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Preventing LDAP Amplification Attacks
Posted by Kevin Stange, Last modified by Josh Simmons on 14 September 2021 09:06 AM
In 2018 we saw a significant increase in reports of amplification attacks that take advantage of the LDAP protocol over UDP (CLDAP). This attack queries LDAP servers for large results using a fake source address. This request causes the response to go back to the faked address, resulting in a large amount of data being sent to a computer that did not request it. This effect, when used with thousands of LDAP servers, directs a very large amount of traffic to a single IP to form an efficient distributed attack.
Most LDAP servers and clients use the TCP protocol, which prevents amplification because of a connection handshake that verifies the source and destination can communicate with one another. UDP does not perform this verification, so the LDAP server can be convinced to send traffic to a destination that is unverified.
The easiest way to solve this issue is to enable a firewall on your server that blocks the LDAP port 389 from being accessed via UDP. LDAP is most commonly used on Windows servers running Active Directory services. If you have a program that is using LDAP via UDP from another server, you should add a firewall exception to allow that application to continue to work, or change that application to use LDAP over TCP. LDAP may also be running with encryption (LDAPS) on port 636, but this protocol only supports TCP.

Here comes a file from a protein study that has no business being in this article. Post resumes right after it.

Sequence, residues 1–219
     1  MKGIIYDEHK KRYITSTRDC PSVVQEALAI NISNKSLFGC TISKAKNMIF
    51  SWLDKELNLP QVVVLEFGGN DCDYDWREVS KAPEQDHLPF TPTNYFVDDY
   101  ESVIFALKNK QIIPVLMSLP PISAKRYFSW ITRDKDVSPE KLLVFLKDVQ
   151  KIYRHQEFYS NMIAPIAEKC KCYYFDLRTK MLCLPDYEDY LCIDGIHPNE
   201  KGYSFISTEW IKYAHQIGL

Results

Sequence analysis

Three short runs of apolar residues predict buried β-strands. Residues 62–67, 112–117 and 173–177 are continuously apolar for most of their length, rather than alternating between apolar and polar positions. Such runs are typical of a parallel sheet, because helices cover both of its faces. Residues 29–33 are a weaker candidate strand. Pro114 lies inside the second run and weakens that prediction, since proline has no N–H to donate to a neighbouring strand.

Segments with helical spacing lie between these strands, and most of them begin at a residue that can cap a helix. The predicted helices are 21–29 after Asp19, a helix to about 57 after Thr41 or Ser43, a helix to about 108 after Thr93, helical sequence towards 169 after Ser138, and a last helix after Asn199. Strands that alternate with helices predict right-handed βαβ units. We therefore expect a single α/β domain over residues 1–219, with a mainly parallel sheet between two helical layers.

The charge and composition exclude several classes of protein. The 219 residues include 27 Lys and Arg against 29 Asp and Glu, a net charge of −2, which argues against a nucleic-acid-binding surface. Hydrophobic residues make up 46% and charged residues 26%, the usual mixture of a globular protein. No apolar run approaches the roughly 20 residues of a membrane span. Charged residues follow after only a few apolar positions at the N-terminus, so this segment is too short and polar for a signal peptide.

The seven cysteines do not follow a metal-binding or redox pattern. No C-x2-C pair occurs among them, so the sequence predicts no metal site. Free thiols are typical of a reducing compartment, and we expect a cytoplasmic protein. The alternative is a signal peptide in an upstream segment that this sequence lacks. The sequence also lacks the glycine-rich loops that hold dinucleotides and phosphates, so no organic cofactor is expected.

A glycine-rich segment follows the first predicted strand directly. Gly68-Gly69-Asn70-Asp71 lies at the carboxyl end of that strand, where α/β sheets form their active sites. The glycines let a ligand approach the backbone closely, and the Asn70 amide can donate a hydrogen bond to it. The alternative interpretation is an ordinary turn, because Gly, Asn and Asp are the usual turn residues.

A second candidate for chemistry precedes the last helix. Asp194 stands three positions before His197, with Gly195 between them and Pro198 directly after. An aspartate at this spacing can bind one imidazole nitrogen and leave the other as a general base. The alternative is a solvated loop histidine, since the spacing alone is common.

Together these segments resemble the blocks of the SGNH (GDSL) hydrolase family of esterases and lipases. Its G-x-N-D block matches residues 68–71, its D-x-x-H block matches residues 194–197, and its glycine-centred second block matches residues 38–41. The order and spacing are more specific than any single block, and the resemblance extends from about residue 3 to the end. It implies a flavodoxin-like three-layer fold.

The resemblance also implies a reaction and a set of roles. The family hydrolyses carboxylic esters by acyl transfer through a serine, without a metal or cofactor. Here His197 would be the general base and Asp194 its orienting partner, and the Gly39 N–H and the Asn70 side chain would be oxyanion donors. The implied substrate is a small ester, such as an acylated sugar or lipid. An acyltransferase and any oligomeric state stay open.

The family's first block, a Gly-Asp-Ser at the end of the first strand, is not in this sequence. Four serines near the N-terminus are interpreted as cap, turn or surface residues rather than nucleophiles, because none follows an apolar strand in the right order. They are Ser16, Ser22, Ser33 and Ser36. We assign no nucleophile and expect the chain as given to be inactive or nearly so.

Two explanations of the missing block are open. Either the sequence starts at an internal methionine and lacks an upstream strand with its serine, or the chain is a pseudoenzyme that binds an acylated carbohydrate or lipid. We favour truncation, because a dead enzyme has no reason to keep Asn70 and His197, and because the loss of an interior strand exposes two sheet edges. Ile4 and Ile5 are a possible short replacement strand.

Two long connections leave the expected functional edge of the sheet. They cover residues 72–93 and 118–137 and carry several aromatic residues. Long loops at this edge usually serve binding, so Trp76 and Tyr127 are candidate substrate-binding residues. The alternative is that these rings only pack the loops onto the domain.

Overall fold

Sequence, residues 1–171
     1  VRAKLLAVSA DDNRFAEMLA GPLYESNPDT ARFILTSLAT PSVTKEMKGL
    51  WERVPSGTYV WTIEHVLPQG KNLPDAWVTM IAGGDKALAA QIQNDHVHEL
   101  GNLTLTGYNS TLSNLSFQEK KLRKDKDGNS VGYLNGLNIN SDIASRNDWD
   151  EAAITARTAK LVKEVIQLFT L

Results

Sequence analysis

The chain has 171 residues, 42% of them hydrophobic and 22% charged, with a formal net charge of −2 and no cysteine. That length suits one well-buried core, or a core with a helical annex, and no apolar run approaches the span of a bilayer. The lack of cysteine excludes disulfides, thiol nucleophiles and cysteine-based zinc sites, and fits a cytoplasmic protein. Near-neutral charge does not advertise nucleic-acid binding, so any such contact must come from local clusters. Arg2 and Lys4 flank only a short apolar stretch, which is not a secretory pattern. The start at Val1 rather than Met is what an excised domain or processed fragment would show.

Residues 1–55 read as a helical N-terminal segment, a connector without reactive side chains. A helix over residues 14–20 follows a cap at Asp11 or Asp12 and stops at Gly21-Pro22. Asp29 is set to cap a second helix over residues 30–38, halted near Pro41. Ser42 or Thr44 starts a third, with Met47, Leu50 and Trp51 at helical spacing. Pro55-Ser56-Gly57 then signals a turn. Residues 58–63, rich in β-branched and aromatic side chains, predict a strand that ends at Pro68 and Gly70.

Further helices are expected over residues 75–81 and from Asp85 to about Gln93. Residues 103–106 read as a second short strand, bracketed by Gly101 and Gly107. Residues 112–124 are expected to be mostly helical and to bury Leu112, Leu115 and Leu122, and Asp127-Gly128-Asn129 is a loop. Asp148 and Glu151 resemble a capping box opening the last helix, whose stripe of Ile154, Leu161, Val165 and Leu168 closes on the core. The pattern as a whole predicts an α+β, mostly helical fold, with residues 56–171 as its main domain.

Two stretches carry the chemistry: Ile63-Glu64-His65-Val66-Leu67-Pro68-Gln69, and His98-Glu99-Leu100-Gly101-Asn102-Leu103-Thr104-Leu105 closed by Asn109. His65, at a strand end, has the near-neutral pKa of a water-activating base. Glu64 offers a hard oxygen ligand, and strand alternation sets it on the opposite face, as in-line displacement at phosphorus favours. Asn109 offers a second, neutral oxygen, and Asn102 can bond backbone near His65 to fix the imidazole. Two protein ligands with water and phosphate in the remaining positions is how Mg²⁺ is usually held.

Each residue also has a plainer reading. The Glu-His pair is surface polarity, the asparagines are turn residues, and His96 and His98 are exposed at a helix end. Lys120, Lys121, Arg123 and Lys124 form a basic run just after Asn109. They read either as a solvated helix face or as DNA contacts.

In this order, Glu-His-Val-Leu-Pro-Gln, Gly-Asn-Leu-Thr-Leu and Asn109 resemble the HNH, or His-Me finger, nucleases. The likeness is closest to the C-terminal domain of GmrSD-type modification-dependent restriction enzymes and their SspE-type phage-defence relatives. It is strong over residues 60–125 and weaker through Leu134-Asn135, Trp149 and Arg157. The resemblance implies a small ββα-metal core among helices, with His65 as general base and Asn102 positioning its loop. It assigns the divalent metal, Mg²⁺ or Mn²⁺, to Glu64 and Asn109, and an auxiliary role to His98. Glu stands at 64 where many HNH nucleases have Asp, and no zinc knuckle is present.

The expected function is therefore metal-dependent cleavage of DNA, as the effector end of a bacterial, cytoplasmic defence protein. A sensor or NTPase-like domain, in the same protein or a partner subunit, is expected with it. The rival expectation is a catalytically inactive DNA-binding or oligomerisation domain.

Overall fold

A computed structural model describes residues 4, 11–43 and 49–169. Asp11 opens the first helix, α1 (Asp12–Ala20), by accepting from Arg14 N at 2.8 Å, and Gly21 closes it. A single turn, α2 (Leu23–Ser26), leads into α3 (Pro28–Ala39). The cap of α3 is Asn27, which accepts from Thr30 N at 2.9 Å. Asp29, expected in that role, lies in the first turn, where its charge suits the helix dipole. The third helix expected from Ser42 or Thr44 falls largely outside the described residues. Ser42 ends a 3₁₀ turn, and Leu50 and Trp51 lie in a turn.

To disable access to LDAP over UDP if you do not have any servers that access it, follow these steps:
If you need to allow access to LDAP from other servers, follow these steps:
If you wish to restrict the LDAP over TCP or the Secure LDAP service for security reasons, you may also wish to modify these rules using the same steps above:
If you are running an LDAP server on Linux, you should modify your LDAP server configuration in accordance with its documentation to disable or restrict LDAP over UDP, or configure your system firewall accordingly. Steadfast does not currently support any standalone LDAP servers or any products with an exposed LDAP server.
For advice on how to adjust a server to prevent LDAP amplification or limit the IP ranges that can make LDAP queries, or any other questions about the topics discussed in this article, please visit our Help Desk or email us. LDAP configuration on Windows servers is covered under managed services.